Audirvana Studio is only available on Windows/macOS.
You’ll need a fairly recent version of each OS to run Audirvana on your computer. Minimum requirements are OS X 10.13 or later on Mac, and Windows 10 64bits on PC. The software needs a minimum of 4Gb of ram to run, but 8Gb is recommended for optimal performances.
I installed the software on both my computer:
- PC, running Windows 10 64bits, Intel CPU, and 64Gb of Ram
- Mac, running macOS Big Sur 10.6, M1 CPU, and 8Gb or Ram
The app worked flawlessly on both systems, but you can only run one instance at a time. If you forgot to quit the app on one machine, you’ll have to forcefully close it through the web interface.
Ircam Amplify Analyzer
Obviously, the quirkiest feature of Audirvana is the IRCAM Amplify analyzer. To access it, you have to switch from the full player to the mini player, and then click on the switch, located on the upper left-right. Once you’ve done that, a new window appears and confirm if the file you’re listening to is a real Hi-Res file, or a scam (aka a fake Hi-Res file).
I tried that on three files, an album that I personally ripped, an album bought on Qobuz, and a file that I upsampled, thanks to AIPM3 converter (MP3 256kbps -> FLAC 24bit/96kHz). And for each file, the player was able to confirm it what I was hearing was, indeed, a true Hi-Res file, or not.
In fact, I even found out that, sadly, one of the albums I bought a few years ago in DSD, was just a simple oversample of the CD version… Shame!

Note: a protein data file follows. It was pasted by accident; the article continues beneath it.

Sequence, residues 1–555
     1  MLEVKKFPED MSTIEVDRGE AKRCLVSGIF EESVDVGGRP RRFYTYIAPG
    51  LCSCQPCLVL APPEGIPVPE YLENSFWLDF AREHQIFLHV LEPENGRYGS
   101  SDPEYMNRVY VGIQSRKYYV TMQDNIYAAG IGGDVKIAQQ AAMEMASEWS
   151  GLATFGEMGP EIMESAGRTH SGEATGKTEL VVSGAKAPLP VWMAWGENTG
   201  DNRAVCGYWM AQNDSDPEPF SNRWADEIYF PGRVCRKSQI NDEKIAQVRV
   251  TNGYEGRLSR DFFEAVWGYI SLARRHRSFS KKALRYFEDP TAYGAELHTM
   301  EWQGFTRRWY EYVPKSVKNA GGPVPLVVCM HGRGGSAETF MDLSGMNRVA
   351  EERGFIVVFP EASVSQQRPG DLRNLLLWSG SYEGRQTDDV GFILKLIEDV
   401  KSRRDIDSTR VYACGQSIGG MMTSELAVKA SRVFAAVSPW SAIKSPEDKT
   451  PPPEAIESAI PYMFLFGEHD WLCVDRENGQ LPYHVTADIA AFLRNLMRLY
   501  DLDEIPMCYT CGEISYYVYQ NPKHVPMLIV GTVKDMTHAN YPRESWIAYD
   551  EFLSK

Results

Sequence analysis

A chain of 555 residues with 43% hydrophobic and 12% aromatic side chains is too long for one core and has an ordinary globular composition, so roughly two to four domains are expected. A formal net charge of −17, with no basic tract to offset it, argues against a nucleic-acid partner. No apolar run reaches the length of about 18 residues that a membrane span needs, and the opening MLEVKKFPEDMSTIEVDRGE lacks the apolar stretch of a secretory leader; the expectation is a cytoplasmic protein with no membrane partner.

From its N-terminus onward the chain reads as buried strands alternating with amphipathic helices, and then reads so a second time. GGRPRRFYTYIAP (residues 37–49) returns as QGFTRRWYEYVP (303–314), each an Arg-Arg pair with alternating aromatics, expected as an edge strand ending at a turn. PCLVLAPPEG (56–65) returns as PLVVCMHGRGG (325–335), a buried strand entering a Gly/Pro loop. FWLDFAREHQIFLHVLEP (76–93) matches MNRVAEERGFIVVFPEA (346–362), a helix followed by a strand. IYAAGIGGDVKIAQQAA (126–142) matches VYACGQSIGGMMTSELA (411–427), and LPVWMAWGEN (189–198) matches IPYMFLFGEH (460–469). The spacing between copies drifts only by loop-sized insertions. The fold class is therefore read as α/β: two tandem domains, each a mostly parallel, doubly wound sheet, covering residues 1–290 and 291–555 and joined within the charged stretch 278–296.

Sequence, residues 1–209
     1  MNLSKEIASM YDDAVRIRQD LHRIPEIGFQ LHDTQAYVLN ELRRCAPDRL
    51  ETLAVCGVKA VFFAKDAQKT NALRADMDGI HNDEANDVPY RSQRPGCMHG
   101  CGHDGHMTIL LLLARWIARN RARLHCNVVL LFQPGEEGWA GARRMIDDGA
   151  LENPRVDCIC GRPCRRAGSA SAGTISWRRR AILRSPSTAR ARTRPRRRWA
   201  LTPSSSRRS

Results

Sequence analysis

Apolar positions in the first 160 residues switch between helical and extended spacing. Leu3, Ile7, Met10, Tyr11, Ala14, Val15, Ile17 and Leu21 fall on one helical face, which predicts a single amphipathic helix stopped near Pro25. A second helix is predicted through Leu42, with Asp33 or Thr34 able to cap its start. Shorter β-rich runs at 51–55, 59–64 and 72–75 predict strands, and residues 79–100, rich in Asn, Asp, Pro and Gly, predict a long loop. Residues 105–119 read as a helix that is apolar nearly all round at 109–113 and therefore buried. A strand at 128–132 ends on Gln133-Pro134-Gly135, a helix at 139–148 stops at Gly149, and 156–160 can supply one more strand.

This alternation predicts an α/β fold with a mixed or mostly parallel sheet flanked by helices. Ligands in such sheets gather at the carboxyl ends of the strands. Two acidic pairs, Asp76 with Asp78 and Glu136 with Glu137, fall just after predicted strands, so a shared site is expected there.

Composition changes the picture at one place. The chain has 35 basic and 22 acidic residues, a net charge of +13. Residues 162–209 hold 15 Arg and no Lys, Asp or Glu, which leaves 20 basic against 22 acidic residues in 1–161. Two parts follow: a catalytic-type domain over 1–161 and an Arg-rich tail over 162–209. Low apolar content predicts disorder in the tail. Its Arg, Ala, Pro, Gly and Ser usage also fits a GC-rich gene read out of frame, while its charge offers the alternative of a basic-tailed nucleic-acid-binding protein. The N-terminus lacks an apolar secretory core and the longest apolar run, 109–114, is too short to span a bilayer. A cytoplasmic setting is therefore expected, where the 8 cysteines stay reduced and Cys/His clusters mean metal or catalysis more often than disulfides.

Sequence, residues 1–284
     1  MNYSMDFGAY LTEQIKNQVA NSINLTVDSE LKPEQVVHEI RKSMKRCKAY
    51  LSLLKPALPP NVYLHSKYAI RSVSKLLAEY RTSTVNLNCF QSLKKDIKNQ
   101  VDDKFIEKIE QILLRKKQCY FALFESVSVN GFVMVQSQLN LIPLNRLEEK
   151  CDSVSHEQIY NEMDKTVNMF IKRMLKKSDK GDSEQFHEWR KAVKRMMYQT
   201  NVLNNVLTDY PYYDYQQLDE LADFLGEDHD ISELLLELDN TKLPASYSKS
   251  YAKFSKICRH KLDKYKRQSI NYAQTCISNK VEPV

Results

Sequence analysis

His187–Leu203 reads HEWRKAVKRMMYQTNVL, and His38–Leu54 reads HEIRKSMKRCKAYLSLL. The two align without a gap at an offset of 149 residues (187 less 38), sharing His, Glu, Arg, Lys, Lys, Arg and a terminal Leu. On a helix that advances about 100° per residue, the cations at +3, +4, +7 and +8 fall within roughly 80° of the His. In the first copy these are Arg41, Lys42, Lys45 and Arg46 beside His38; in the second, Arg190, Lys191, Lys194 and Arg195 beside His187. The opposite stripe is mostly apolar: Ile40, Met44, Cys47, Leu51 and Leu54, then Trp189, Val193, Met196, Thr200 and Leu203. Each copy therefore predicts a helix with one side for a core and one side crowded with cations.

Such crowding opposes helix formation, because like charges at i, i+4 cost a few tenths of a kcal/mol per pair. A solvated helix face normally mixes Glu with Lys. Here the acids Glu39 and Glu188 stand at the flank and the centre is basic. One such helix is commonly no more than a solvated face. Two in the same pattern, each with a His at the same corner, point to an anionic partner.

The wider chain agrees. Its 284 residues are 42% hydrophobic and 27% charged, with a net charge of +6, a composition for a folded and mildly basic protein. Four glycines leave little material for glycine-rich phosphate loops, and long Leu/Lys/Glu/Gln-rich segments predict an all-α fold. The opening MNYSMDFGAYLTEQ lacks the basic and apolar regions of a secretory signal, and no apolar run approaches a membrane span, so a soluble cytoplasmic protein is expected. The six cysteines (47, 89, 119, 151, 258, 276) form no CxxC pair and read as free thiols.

So, after all that talk, it’s time to get into the review.
Interface and UI
Once installed, Audirvana behaves like every other music apps, or so.
The main screen is divided into four different sections:
- a top bar with a search console, sort/filter option, and a button to access the app settings
- a left sidebar, where you can find all your sources, local files/radios/podcast/Qobuz/Tidal/Hi-Res Audio. Note that Qobuz/Tidal/HRA won’t appear unless you connect your account in the settings
- a center frame, where all your files will appear, so you scroll and pick your music
- a bottom bar with playback controls, volume, and even quirky things like a playback quality checker
Compared to the prior version, Audirvana Studio is a major visual upgrade. If you can switch between light and dark themes, the team changes various things like the font, the space between the lines, the overall presentation of your albums, etc…
The search engine is good, even if it’s slightly faster on Mac than windows, and surprisingly it’s faster for me to use the Audirvana search engine, than Qobuz own search engine.
Like Roon or Plex, the media library can be automatically scanned and sorted. Audirvana relies on fingerprint analysis, like Shazam, and is on-point almost 90% of the time. If you find one track that couldn’t be analyzed correctly, you can tag it manually, directly from the player.
Lastly, if I mentioned the oversampling before, Audirvana also has various replay gain settings, to avoid volume/gain mismatch between your tracks and albums.
Last but not least, we can’t end this review, without talking about the price.
Compared to Roon, Audirvana is surprisingly more affordable, as a monthly subscription only costs $/€6,99 or $/€5,88 per month, if you get Studio Access, a yearly subscription. For that price, you get :
- Regular free updates all along the year
- Full access to all Studio’s features
- Integrated streaming content services
- Free smartphone Remote app
- Exclusive streaming service advantages
Personally, after the 30-day free trial, I took a Studio Access subscription. I kept Plex for my movies/series and took Audirvana for my music.
To that, you have to add the cost of your music streaming subscription :
- €14.99 for Qobuz Studio Premier, FLAC 24Bit 96-192kHz streaming
- €19,99 for Tidal HiFi, MQA streaming + Dolby Atmos
- £89,99 (6 month) / £179,99 (12 month) for HighResAudio, FLAC 24Bit